When I ask somebody at the office “Hey man, how are you?” I often get the answer “Very busy!” For a while now I stopped replying with “Oh, good!” Instead I say “I am so sorry to hear that.” Sometimes I just tell them the story of the old carpenter.
Being busy is the norm. People who are not busy are doing something wrong. They definitely don’t want to be successful. Because to be successful you have to be busy. Right?
I don’t think so. Three reasons:
First of all: looks can be deceiving.
A lot of people know how to LOOK busy but are really not. Remember that guy in your office with the agenda that is swamped with appointments? The same guy it is impossible to schedule a meeting with? He is always running around doing something. He knows how to look busy.
Second: there is a big difference between being busy and being productive.
Others really are busy. But with the wrong things. Churning out reports, answering e-mails and filling Excel sheets. Making long hours. But how does that contribute to the results? What would happen if they stopped writing reports, answering e-mails and filling Excel sheets for a month? Would we even notice that in the company results?
Last but not least: there is also a big difference between being busy and working effectively
To explain this I want to share a little story with you.
The story of the old carpenter:
The old carpenter was sitting in a rocking chair on the veranda of his house smoking a pipe. He was watching the busy young carpenter that was going from door to door in the street, offering his carpentry services to everyone.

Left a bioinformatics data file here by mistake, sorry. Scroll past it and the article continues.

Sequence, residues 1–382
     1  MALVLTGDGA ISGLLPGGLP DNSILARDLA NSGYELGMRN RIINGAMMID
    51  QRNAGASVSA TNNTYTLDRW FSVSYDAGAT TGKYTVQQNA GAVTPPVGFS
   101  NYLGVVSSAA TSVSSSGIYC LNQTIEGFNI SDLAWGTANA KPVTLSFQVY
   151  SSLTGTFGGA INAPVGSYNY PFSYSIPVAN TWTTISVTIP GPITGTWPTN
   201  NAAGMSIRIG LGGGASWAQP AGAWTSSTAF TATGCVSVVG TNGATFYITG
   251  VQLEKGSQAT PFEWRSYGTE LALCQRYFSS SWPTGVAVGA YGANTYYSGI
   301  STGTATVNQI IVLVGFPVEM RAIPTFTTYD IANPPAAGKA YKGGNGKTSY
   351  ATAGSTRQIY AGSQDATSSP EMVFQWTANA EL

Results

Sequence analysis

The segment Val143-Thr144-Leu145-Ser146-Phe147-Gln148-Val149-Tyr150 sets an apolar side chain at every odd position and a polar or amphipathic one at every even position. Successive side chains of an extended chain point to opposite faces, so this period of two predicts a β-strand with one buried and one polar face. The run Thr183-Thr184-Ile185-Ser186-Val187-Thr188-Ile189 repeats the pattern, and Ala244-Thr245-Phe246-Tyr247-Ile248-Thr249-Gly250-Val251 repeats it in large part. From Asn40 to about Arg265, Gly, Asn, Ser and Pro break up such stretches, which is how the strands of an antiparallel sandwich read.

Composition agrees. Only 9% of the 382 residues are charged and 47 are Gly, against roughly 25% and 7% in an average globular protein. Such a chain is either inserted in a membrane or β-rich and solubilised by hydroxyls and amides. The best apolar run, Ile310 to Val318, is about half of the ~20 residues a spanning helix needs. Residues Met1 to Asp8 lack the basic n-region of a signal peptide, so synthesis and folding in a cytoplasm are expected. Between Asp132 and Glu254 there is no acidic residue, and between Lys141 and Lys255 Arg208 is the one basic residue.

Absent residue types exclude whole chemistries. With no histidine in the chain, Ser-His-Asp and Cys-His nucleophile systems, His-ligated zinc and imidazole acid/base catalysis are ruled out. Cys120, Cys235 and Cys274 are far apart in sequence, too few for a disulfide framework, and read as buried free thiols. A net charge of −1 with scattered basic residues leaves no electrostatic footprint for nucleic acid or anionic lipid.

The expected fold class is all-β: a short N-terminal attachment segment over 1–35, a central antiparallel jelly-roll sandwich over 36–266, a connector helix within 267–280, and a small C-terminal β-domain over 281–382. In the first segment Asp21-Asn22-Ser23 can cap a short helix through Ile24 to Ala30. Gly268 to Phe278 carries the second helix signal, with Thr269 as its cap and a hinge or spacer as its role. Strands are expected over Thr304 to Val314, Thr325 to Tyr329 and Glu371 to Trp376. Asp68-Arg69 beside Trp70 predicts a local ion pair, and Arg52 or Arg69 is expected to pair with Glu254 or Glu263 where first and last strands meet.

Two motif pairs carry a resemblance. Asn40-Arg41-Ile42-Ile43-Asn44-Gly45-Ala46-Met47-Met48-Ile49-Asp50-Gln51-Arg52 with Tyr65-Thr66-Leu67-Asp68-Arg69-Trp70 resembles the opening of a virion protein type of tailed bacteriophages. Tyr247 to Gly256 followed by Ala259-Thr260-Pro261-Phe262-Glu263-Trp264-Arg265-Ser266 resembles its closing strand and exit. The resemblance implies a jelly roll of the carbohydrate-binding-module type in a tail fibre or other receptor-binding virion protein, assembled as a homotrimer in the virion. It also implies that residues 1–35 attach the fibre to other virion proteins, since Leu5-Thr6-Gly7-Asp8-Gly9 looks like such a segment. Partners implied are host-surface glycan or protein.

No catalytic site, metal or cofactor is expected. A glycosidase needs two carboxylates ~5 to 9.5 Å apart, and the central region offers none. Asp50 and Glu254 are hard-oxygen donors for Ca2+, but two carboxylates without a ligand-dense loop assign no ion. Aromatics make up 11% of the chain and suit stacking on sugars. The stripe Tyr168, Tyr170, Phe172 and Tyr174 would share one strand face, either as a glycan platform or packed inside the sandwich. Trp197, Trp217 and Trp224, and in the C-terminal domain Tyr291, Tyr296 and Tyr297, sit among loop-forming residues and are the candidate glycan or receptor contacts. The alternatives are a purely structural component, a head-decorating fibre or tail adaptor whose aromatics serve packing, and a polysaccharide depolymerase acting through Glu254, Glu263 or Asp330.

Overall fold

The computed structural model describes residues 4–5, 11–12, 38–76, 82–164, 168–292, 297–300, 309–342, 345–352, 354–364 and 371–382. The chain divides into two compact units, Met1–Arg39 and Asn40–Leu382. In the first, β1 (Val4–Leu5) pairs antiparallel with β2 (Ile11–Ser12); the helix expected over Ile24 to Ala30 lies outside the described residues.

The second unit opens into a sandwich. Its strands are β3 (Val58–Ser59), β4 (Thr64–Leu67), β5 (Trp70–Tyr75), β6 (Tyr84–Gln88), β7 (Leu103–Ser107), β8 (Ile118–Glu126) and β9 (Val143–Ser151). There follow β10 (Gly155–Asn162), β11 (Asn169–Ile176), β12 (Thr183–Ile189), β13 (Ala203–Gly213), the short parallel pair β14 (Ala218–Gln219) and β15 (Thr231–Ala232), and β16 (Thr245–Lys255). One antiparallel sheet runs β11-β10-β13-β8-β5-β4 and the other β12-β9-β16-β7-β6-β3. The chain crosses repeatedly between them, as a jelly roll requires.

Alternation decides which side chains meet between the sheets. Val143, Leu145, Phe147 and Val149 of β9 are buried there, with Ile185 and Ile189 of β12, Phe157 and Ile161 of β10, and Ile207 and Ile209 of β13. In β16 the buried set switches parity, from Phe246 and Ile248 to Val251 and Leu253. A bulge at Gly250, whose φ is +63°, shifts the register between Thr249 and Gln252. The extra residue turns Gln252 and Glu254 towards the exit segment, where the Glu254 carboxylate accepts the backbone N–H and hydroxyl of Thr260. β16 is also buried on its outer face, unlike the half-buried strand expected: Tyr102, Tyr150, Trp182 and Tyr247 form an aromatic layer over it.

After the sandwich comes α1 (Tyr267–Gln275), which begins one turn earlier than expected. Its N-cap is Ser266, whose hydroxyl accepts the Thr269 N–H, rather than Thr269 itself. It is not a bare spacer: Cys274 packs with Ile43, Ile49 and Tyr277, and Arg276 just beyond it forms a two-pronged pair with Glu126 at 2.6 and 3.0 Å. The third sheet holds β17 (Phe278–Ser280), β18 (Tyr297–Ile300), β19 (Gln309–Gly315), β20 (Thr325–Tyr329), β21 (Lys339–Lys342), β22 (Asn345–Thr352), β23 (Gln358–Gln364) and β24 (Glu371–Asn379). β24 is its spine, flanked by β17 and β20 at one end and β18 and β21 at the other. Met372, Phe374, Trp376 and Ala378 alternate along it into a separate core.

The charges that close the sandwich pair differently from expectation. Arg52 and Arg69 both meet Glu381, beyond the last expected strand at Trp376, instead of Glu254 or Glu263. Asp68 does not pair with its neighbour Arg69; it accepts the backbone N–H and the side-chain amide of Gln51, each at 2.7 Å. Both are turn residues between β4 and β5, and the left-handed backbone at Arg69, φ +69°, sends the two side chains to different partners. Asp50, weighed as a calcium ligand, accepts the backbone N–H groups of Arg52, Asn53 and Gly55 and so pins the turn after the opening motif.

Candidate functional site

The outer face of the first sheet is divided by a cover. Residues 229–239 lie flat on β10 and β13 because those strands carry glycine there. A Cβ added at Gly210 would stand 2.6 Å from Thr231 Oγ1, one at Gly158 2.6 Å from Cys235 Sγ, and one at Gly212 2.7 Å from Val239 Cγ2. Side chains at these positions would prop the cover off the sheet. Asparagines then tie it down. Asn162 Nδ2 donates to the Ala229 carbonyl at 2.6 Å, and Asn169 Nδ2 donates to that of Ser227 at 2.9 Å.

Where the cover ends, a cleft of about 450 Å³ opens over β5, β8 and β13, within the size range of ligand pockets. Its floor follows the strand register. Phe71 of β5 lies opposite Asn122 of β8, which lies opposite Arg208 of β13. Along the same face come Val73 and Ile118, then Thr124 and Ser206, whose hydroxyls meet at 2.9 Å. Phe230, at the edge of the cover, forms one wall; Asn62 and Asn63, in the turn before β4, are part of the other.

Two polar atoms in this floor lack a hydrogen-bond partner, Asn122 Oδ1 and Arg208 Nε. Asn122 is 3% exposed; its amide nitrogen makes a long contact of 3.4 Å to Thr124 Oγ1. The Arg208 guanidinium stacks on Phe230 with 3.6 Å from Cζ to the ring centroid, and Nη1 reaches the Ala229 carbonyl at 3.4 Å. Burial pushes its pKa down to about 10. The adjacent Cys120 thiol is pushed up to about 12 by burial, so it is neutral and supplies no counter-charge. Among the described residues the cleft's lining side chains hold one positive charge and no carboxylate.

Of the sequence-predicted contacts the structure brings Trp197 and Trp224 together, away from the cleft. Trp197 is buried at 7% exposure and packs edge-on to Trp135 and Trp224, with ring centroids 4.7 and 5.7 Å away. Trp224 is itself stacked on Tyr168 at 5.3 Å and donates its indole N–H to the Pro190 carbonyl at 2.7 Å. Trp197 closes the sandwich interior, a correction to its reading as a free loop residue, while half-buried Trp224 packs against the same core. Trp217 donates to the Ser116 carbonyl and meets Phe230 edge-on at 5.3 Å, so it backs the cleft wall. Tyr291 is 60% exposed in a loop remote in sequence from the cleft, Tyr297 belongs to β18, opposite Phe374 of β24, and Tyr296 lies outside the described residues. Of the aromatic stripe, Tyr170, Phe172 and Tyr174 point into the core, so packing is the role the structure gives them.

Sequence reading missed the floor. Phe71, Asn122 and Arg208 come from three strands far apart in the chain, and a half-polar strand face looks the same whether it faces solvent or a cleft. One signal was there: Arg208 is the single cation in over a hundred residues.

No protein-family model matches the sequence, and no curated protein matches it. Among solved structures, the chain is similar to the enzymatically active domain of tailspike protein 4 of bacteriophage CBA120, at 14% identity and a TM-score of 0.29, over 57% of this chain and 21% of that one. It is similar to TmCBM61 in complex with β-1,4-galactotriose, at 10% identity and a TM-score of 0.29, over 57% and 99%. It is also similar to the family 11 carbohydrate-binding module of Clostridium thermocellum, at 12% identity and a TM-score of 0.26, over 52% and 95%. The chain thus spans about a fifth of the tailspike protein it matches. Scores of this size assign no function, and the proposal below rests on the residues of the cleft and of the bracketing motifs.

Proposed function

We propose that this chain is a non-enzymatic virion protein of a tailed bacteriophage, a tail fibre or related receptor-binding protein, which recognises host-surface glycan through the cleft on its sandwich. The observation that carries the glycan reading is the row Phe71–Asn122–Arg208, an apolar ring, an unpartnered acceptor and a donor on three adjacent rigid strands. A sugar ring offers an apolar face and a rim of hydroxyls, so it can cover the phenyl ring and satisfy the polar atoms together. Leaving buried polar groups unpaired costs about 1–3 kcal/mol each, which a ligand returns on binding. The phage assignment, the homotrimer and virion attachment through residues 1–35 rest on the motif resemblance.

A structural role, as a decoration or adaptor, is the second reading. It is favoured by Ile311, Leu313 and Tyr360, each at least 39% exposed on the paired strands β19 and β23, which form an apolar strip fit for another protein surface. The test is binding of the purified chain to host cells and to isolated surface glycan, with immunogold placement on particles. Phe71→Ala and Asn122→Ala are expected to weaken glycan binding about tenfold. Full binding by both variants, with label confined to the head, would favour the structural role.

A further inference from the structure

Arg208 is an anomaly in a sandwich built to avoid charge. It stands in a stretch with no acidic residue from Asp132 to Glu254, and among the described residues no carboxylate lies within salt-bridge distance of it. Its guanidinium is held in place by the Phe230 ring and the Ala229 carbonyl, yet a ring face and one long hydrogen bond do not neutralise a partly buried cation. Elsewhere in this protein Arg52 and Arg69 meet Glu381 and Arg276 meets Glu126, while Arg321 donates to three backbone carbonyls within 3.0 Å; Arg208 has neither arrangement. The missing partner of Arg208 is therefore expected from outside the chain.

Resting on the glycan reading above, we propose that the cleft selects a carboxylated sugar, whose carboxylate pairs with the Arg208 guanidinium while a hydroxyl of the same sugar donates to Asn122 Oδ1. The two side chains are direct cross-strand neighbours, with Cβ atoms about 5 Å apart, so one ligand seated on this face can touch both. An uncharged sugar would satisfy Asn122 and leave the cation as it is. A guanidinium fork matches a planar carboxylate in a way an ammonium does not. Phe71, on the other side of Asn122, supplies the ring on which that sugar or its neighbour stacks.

When the young man passed his house he said: “I am so busy! I fix chairs, cupboards and tables at almost every house in our street. I already earned 20 dollars today!” The old man would just smile and say “Good for you!”
Meanwhile, the busy young carpenter was thankful for the fact that he was getting all the small carpentry work in the entire street. Making a few dollars and snatching all the work away from the old man who used to do it. He was actually feeling a bit sorry for the old man. Wondering how he could make a living. But the old man never seemed to worry about the fact that the young carpenter was taking all his work.
Weeks passed and nothing seemed to change. The young man was still very busy, doing all the little carpentry chores and making a few bucks. His back started aching and he was feeling tired. When he looked at the old carpenter’s house he would always see him sitting in his chair. Sometimes he was making a phone call, writing a letter or he would have a visitor. But he never looked busy! He felt really sorry for the old man and thought he would probably be going out of business soon.
One day the young carpenter had to satisfy his curiosity. Boldly he went up to the old man’s house and asked him: “How can you sit in that chair like that? You don’t look busy at all. Don’t you want to make any money to earn a living?”
The old carpenter smiled and said: “Young man, I have been very busy. The last few months I had a lot of phone calls and meetings with a project developer. He just asked me to build 50 new houses in our town.” The young carpenter was flabbergasted and didn’t know what to say. The old man continued “I am looking for good carpenters to do some of the work. Do you want to work for me? I’ll pay you $50 per hour.”